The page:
What to Expect When You Find Out You Have Cancer
Guest Blogger: Harper Mac
“You have cancer.” The news can be numbing, and it can take a while to sink in. Nobody wants to hear that they or someone they love has cancer. The diagnosis may seem unreal, but more than one-third of Americans will be diagnosed with cancer at least once in their lives. Not much about cancer is guaranteed, but what seems true is that your attitude really does matter. You still have control over how your life continues, and you can improve your outcomes over the next few weeks and months if you know what to expect and what to do.
Most people experience a similar set of different feelings that may ebb and flow at various times, according to the American Cancer Society. These include:
Denial: At first, almost everyone has trouble believing that they have cancer. Maybe the doctor read the test wrong; maybe the technician messed up the initial analysis; or maybe the doctor read you the test results for another patient.
Anger: Why you? You’re a good person: You’ve always been a good parent and spouse; you volunteer once a week; and you recycle all of your newspapers. You take care of yourself, so why should you be the one to get it?
Hope: You may feel hopeful that your treatment will be successful and that you have many more years of a full and productive life ahead of you. For many kinds of cancers, even if you didn’t catch them in their earliest stages, these hopes are realistic.
Stress: Stress can come from worrying about your treatment and recovery, about missing work and about taking care of your family. You may feel more stress if you don’t know much about your condition, so try researching it as much as possible and talk to your doctor. You may have trouble concentrating, a lack of appetite, and trouble sleeping because of stress.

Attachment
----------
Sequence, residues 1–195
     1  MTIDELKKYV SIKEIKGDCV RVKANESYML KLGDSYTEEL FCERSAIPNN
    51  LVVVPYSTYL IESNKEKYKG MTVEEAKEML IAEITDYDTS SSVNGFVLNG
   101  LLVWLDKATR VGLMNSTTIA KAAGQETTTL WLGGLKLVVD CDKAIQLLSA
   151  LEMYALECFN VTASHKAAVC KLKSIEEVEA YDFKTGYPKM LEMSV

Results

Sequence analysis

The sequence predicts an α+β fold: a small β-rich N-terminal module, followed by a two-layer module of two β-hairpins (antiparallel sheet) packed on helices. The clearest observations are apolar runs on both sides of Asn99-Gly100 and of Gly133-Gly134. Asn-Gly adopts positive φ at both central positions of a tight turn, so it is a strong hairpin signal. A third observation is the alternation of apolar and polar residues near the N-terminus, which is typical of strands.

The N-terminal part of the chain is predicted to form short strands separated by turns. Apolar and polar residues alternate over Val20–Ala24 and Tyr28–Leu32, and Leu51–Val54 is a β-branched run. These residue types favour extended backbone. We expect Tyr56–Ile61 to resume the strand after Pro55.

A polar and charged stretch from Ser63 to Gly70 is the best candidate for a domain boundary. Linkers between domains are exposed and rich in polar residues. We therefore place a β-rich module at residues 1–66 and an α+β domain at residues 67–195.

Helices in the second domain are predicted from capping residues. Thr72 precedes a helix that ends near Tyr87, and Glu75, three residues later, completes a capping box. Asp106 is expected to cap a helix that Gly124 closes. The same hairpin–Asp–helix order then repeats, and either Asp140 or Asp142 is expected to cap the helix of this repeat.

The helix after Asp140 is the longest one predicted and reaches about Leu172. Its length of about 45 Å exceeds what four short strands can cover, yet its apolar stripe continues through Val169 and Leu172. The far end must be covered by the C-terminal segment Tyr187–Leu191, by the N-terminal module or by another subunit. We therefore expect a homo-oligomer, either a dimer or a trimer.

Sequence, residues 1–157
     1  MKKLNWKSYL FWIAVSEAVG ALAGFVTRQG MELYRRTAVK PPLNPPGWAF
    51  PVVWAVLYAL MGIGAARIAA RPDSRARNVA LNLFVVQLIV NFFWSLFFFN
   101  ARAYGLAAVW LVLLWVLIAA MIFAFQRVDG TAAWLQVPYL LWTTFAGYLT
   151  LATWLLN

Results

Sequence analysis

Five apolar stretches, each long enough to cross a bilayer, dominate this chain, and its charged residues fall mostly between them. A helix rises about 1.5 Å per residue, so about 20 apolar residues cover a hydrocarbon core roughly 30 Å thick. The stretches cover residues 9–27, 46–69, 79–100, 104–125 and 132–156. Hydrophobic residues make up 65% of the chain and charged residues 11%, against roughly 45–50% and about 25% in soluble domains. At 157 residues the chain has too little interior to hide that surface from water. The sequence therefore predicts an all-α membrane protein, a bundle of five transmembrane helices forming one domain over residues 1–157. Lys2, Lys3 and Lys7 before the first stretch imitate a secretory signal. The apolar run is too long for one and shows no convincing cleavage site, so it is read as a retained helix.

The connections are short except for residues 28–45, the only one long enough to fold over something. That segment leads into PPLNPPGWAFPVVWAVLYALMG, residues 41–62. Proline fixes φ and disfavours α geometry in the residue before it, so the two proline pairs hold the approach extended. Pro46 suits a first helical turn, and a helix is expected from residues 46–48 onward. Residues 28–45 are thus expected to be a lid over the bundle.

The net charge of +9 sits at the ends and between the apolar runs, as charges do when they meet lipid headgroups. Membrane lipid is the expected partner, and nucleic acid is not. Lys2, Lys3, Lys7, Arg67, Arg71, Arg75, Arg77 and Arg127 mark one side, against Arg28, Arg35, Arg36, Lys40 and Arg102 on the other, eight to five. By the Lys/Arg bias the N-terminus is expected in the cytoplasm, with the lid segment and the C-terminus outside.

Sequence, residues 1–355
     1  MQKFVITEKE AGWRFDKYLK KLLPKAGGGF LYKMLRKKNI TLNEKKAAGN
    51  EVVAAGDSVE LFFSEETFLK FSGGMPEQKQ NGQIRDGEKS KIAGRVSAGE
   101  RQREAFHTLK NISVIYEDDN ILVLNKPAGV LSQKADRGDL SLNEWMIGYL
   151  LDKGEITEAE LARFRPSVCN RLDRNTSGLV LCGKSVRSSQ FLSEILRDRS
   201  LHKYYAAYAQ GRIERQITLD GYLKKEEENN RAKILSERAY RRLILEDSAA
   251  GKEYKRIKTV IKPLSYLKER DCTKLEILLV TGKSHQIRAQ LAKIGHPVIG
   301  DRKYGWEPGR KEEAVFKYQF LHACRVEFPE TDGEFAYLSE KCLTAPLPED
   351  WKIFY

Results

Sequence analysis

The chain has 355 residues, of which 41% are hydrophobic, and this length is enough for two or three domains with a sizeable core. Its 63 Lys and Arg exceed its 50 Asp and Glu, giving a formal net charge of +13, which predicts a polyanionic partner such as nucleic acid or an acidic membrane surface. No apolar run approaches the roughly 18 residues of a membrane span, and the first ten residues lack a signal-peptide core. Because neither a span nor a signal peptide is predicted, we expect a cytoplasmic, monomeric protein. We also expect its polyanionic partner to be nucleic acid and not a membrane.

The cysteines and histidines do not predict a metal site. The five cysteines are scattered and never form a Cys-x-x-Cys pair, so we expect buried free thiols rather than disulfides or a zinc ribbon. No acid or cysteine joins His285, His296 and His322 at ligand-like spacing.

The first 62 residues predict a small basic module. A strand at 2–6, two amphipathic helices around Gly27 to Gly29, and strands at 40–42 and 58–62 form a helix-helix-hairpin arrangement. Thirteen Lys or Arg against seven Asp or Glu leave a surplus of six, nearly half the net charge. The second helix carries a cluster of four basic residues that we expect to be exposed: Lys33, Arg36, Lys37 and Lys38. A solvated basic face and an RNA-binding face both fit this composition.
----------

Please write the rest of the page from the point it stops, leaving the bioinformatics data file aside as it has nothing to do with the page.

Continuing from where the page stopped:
Acceptance: For many, the state of accepting whatever comes is the culminating experience of going through some or all of the stages of grief. This isn’t to be confused with resignation, but rather a surrendering of those aspects beyond one’s own control.
What to Do
Some people seem to be naturally optimistic, while others need to work a little harder at developing and maintaining a positive attitude. There are some steps you can take to feel better about the diagnosis and function during one of life’s most trying experiences.
Join a support group. This lets you talk to others who are going through the same things you are. You can exchange support as well as advice. Joining a support group can take the pressure off your family members to be your sole sources of support, and it gives them a chance to recharge so that they can be even stronger when you need them.
Get a second opinion. Everyone is entitled to a second opinion, and you should seek one if you’re unsure about the original diagnosis. Even if the result is the same, you’re now more prepared to go forward instead of looking back.
Explore your treatment options. Your primary doctor may propose a certain course of treatment, but you might also want to consider other options. Cancer specialists can consult with you to discuss whether alternative treatments are good fits for you.
Being diagnosed with cancer is a life-changing moment, and your reaction to the news is an important factor in how your treatment progresses. While much is unknown about why certain people respond differently to treatment, it seems clear that a positive attitude helps you through the experience. Knowing what to expect and what actions to take can help you feel in control and more optimistic about your situation.
About the Author
Lindsey Harper Mac is a professional writer living in the Indianapolis area. She specializes in technology and social media articles. Lindsey is currently completing work on her graduate degree.